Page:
It requires both the agreement and participation from those being studied (or evaluated). The idea is simple: as a researcher, you become a participantobserver, you are dropped in the midst of the desperately poor, preferablywithout your academic attributes or any trappings that might betray your(middle class) origins. You have to try not to stand out, you have to mix in, to avoiddisrupting the way of life around you by your presence. Only that way can youhope to collect a set of "pure", uncontaminated observations. Not easy toachieve, and perhaps writers, with their imagination and sensitivity are betterplaced than most to make a go of it. 

What came next was in each case here - from Ehrenreich and Desmondto Katherine Boo - a remarkable report, comprehensive, detailed, vividlywritten.

The question is: why the unexpected commercial success? And in particular,why has Katherine Boo’s book (so far) achieved the biggest success, by farlarger than the others? It should be noted though that Mr. Desmond’s book ishaving a good start and may yet prove to do better. Still the question remains:Was Boo’s success attributable to the fact that for the first time people feltthey were getting an “insider’s look” at a lifestyle (a Mumbai slum) that is atotal black box for most people, educated Indians included?

So far, books that look at poverty have tended to follow the path set out by Tristes Tropiques, a memoir by French anthropologist Claude Levi-Strauss.

First edition cover

Published in 1955, Tristes Tropiques (literally: "sad tropics") met with a stunning success. In that book, Levi-Strauss took a close, personal look at poverty in Brazil and other places too, including India. His style was reflexive and at time the irony was aimed at himself. This approach built a bridge with his Western audience and created empathy. And ever since, books that look at poverty in developing countries tend to be assured of success.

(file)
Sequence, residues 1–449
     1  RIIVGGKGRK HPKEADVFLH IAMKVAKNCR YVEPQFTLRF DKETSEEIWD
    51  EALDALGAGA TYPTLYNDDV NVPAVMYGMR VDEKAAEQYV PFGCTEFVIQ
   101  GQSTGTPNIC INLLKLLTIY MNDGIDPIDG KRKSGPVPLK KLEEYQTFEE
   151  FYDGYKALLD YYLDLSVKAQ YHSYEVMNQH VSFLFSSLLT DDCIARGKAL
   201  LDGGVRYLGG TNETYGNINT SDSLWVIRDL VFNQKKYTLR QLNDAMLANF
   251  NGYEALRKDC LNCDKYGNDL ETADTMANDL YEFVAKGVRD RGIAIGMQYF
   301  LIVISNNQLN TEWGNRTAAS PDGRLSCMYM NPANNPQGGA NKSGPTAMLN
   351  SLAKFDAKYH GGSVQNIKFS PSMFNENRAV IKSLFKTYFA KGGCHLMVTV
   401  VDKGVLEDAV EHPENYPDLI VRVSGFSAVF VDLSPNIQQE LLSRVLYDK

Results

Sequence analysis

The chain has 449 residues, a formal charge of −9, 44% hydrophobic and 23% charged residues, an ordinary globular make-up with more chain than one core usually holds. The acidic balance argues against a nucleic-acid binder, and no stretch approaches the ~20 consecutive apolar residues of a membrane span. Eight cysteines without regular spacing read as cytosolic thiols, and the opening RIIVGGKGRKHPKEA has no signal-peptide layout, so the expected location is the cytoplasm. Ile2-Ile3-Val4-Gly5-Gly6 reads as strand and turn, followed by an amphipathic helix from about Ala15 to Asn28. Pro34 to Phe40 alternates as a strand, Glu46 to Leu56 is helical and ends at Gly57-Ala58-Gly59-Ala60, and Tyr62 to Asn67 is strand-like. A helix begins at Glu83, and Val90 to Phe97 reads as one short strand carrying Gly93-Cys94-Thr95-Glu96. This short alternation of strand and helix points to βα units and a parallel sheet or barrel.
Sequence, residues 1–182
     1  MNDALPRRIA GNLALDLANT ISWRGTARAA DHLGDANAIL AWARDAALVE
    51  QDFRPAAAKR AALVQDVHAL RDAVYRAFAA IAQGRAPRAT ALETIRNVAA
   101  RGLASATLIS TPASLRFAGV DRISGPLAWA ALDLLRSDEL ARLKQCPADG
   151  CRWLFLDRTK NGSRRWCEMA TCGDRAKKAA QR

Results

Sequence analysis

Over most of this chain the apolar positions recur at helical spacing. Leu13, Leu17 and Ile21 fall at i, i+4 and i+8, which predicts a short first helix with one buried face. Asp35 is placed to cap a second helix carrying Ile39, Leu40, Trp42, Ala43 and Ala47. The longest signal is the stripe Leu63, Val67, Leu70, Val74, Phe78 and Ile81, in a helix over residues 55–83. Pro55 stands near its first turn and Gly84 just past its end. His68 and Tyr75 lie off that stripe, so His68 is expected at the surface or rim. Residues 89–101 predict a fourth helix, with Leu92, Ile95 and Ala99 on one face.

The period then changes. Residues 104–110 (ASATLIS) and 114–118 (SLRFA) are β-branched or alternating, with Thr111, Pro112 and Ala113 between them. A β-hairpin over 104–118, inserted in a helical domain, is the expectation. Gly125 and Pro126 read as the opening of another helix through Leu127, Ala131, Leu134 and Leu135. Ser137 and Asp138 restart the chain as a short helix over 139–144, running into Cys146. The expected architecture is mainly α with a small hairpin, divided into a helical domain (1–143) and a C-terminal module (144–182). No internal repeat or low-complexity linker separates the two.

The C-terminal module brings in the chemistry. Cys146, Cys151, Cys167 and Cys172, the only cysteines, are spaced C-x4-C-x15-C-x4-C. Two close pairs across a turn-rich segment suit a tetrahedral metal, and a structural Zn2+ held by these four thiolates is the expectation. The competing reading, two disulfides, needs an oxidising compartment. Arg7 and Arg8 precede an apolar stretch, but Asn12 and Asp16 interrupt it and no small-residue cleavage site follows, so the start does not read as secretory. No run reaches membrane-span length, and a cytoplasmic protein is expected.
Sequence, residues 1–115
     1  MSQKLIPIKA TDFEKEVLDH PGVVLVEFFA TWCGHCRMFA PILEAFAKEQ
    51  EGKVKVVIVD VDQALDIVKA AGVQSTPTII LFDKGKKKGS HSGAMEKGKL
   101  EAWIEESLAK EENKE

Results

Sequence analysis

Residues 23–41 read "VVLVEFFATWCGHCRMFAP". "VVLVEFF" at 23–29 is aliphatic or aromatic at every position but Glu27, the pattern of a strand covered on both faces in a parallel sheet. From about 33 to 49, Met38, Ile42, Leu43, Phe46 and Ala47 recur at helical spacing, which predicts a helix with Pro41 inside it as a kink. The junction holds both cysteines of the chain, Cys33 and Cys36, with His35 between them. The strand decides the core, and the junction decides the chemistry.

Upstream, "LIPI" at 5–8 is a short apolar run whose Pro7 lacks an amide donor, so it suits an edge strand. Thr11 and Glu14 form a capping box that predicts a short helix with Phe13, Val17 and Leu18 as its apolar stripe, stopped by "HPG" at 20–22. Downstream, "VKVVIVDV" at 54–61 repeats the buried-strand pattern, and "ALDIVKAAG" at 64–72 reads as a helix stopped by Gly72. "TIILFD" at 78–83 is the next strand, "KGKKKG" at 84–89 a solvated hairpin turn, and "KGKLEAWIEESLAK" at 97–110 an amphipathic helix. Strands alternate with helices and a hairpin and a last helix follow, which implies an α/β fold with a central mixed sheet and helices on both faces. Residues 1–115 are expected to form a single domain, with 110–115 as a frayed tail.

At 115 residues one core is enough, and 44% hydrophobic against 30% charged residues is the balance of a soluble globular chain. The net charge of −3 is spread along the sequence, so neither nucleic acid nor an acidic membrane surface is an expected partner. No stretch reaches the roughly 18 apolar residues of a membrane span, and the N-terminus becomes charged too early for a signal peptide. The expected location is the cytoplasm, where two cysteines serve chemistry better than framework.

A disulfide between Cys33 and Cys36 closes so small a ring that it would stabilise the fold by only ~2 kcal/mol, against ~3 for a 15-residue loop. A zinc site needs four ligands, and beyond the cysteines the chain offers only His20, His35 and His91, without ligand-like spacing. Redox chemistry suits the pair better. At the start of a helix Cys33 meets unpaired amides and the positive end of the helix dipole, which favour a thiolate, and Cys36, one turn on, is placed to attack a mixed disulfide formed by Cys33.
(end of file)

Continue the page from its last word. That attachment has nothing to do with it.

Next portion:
The look at poverty in the Western developed world is a more recent phenomenon. With thepublication of Ehrenreich's book fifteen years ago, it began to look like a newtrend, tapping into a sudden Western appetite to have a closer look at what ishappening on the wrong side of the tracks. Will  Desmond's book confirm thisnew trend? It might.

However Katherine Boo's success suggests that the fascination with poverty in the Third World is not over yet.

The famous English playwright David Hare wrote a play based on her book, and gathering gushing reviews from the UK Guardian and others,  it had a successful six months run at theNational Theatre in London, ending in May 2015.

Poster for the play Behind the Beautiful Forevers that ran six months at the National Theatre London

In spite of this, are the times now ready for Desmond's book on poverty in America? Lookingat a surprise bestseller in another quarter, and a big surprise too because it was a serious treatise of economics, I am speaking of Thomas Piketty’s Capitalin the 21st Century , one is tempted to draw the conclusion that audiences in the West are indeedfascinated by the subject of inequality and poverty. So the answer to thatquestion is yes.

There is now very likely a huge audience for not just anon-fiction narrative about poverty in America, but a theater play and a movie as well.

Who could produce such a movie? Netflix of course. It has alreadyflexed its muscle in this area, producing a hit with its African drama Beasts of No Nation that was very well received. Netflix isnot likely to be put off by the political overtones of a film on poverty inAmerica…

For those who are curious, here is the trailer of Beasts of No Nation: